Thursday, 20 December 2012

Tame Impala at the Enmore Theatre

Tame Impala have done their fair share of live performances - at festivals, concert halls and even television studios - but it never seems that the band is sick of playing their music live. For a group with only two albums worth of songs, it doesn't leave much room for changing the set list. However, Tame Impala's performance at the Enmore Theatre in Sydney re-created the distinct nostalgic yet contemporary atmosphere which characterises their music.

Kevin Parker and his band appeared in the darkness as silhouettes, outlined by the vivid back lighting among a haze of smoke on stage. It was a dramatic opening, and didn't seem to bother the crowd who was clearly happy enough to listen to the music without worrying too much about what was going on on stage.

There was a welcome mix of tracks from their latest album Lonerism, 2009 debut Innerspeaker and even pre-album days with 'Half Full Glass of Wine' closing the set in an extended outro. Despite the fact that most of the lyrics were lost in the instrumentals and reverb, there were plenty of sing-a-long moments (especially 'Feels Like We Only Go Backwards'). It seems that the Tame Impala music does well in a dark, enclosed space although it can't begin to feel any spacier after a few of their psychedelic tracks.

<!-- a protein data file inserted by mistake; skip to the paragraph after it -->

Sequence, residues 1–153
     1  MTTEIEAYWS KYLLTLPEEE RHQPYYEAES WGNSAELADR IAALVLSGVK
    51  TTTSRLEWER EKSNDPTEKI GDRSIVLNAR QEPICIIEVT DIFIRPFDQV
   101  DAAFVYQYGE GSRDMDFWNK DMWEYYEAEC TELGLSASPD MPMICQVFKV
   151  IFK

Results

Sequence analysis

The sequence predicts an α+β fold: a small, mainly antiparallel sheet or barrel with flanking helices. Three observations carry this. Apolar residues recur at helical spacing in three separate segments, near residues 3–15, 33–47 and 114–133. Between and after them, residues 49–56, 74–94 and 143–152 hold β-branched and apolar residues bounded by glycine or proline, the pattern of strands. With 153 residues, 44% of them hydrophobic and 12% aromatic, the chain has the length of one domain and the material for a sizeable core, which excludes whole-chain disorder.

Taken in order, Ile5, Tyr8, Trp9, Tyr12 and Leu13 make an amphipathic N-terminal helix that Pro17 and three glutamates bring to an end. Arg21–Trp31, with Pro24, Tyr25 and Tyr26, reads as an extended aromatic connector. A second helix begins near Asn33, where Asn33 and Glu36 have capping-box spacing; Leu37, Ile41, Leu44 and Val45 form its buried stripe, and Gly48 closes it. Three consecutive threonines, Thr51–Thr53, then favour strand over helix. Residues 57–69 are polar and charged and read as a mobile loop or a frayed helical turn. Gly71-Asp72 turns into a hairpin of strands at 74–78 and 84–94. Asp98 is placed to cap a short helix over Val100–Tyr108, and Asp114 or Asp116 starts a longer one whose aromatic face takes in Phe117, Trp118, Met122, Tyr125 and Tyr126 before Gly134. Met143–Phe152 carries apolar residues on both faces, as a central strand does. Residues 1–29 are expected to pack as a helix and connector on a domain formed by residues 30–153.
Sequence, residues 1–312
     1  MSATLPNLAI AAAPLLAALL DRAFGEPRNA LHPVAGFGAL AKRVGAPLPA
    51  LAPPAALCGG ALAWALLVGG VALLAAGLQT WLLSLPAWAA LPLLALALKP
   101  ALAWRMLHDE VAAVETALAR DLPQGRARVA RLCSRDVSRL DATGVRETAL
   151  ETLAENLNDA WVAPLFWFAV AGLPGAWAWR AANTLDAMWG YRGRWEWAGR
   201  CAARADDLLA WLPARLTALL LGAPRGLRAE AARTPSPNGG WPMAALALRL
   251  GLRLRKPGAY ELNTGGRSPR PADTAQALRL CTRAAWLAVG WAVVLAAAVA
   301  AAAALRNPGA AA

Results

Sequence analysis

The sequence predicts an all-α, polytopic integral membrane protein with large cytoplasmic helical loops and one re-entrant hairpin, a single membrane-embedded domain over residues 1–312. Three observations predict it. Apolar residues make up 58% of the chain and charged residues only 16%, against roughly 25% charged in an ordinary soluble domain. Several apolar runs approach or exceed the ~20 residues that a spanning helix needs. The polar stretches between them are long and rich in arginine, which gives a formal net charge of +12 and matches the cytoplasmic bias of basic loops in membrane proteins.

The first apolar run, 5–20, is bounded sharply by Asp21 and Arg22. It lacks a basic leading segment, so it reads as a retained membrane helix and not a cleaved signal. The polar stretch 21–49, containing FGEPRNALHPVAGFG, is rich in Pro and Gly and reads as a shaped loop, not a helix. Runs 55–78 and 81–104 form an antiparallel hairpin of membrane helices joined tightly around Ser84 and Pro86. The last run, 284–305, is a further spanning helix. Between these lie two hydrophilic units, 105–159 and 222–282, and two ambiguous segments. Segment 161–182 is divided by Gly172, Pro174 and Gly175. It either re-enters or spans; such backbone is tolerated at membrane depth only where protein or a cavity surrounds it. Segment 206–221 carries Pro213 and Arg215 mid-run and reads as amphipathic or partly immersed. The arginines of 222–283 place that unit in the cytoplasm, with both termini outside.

After a string of live performances in the second half of 2012, it's clear that the band has become a very cohesive unit with a seamless show and energetic impro at parts. Their music existing on the album is very produced and so it's great to be able to see the band emulate the deep, sonic feeling of the recorded version. What is great about a live show is the jamming in-between tracks - Parker knew how to keep his audience on the hook with jazzed-up breaks in the middle of hits such as 'Lucidity' and 'Elephant' showcasing the experimental scope of a live Tame Impala.

After a few rambunctious moments in the crowd - stage-diving and circling in a pit - Kevin tried to calm everyone down and most people got back to either swaying along with the hypnotic tunes or dancing frenetically immersed in  bass-driven jams. Although their music is something utterly unique in the Australian scene, it would have been nice for the band to leave some space in between tracks but it's clear that they're not out there to promote a personality or chat up the audience. Never mind the bass player and hair-thrashing drummer keeping to themselves. Let it be.

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